However, Western ideas about mindfulness have moved away from this tradition slightly. While the principles of mindful awareness, concentration, and present moment-centeredness have remained core throughout, mindfulness today comes in many different formats, and much of the spiritual tradition has ebbed away. While it may not apply directly to you, it’s still useful to know the heritage of mindfulness meditation — so let’s look into it a little.
The Buddhist concept of sati (meaning ‘awareness’ in Pali) represents the root of what we call mindfulness in the modern world. According to Tse fu Kuan, sati has four different meanings:
- Simple awareness – using bare attention from moment to moment
- Protective awareness – having greater control and restraint over the stimuli of the six sense modalities
- Introspective awareness – more vigilantly monitoring the present moment, ignoring the various mental states that constantly ‘colour’ the mind
- Deliberate awareness – making conscious efforts to form inspiring ideas & conceptions
Some people argue that meaning has been lost thanks to “the mystification of mindfulness” which has seen the practice appropriated and repackaged for white Western audiences. On the other hand, though, a psychological approach can give us some useful insight into how mindfulness affects the brain. While Buddhist spirituality and scientific fact may seem like opposites to you at first, the two ideas are more linked than you might think. Let’s take a look at the definition of mindfulness according to psychology.
The Definition of Mindfulness According to Psychology
Scientific studies have discovered a variety of mental and physical health benefits for mindfulness practitioners. These include higher levels of well-being, self-compassion and empathy amongst meditators, as well as reduced chances of suffering from high emotional reactivity, rumination, thought suppression or fear of emotion.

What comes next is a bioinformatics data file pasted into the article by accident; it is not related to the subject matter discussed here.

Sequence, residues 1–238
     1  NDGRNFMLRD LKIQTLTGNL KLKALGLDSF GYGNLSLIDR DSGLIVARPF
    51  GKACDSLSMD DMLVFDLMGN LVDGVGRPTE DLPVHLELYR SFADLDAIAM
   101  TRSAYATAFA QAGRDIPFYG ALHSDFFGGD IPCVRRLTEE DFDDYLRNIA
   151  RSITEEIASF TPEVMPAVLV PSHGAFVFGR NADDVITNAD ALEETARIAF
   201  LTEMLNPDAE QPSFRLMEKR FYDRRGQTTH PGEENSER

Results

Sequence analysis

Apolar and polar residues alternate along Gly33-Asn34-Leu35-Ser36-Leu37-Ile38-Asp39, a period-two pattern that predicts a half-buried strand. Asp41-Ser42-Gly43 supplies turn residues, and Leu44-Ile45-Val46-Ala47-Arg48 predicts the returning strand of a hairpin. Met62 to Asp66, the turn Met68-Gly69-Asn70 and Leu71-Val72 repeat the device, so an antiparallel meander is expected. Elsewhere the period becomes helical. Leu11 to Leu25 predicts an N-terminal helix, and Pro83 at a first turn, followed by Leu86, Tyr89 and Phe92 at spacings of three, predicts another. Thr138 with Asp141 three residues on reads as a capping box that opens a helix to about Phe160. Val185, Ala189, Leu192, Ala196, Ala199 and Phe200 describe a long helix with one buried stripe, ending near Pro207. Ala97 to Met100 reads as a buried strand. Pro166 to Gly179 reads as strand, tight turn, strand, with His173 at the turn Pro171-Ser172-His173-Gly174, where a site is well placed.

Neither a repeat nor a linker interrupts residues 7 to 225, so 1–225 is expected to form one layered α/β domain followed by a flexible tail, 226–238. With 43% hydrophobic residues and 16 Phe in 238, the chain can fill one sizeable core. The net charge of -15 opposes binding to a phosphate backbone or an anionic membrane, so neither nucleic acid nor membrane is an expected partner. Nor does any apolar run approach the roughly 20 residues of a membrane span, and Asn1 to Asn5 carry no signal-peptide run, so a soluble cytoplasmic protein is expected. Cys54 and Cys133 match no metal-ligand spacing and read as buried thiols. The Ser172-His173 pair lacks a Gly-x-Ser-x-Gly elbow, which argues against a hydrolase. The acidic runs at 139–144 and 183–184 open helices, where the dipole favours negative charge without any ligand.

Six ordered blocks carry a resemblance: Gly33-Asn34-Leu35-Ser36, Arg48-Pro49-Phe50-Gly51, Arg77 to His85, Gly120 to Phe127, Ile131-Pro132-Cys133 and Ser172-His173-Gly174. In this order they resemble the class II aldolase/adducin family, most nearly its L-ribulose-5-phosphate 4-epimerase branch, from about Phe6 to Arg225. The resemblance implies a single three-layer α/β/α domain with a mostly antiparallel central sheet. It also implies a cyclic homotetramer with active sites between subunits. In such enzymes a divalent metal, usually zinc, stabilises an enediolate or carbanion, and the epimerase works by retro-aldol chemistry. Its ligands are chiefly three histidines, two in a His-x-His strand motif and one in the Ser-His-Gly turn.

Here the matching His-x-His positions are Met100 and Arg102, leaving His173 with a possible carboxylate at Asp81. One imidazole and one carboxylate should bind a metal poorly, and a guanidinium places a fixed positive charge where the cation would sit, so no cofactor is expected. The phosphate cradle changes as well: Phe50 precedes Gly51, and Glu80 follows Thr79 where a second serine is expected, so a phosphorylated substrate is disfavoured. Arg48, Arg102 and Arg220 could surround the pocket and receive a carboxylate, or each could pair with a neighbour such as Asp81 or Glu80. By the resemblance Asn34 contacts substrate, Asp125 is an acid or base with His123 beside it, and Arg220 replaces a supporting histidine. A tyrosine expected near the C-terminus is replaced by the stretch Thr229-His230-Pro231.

A psychological approach to mindfulness practice can have real benefits. For example, formal practices like Mindfulness-Based Stress Reduction can be very effective when used alongside traditional medical or psychological treatment. Developed in the late 1970s by Jon Kabat-Zinn, Mindfulness-Based Stress Reduction (MBSR) can help treat conditions like chronic pain, multiple sclerosis and cancer, while the seriousness of anxiety and panic attacks, asthma, headaches and fatigue can also be reduced. You can find out more about this dedicated training practice here.
Definitions of mindfulness within psychology can vary. Ruth Baer defines mindfulness as “focusing one’s attention in a non-judgemental or accepting way on the experience occurring in the present moment”, while also resisting “states of mind in which attention is focused elsewhere.” Psychologist Zindel Segal describes mindfulness as “a process of regulating attention in order to bring a quality of non-elaborative awareness to current experience”, which is perhaps a more succinct definition.
Our article on the definition of mindfulness according to psychology delves a little deeper into this issue. For now though, we’re going to focus on one psychology expert whose work provides us with some real insight into how mindfulness impacts the brain.
The Science of Mindfulness
Whether you wrap it up in religious practice or not, mindfulness works because of neuroplasticity.
Neuroscience can help us understand why mindfulness makes us calmer, happier and more resilient. One of the most crucial things we can learn from it is that our brain structures are not set in stone. They can adapt, change and develop depending on our actions and choices — this is called neuroplasticity.
Mindfulness encourages us to take advantage of this by deliberately prompting positive changes in how our brains behave. Actively choosing to reprogram what’s going on upstairs at a cerebral level can help you break unhelpful habits and stop yourself from reacting to the same everyday triggers and events in the same unhealthy ways.
Upasaka Culdasa is another mindfulness advocate whose teachings we can refer to here. In ‘The Magic of Mindfulness’, he uses the example of a disagreement with a partner, neighbour or boss to draw attention to how your reactions, in real-time, feel automatic. That’s because they are. These reactions are based on the programming of your mind, which has been reinforced by a lifetime’s worth of experiences. The emotion of the moment causes you to act based on past experience, meaning that you make the same mistakes and remain stuck in a perpetual cycle.
However, that programming is not as set in stone as we once believed. Yes, it takes time to reprogram your mind, but that’s where mindfulness and meditation practices come in. As Upsaka Culdasa goes on to explain:
“Ultimately, it is mindfulness that will determine whether you live your life reactively, out of past conditioning and unseen programming, or overcome that programming and live with wisdom.”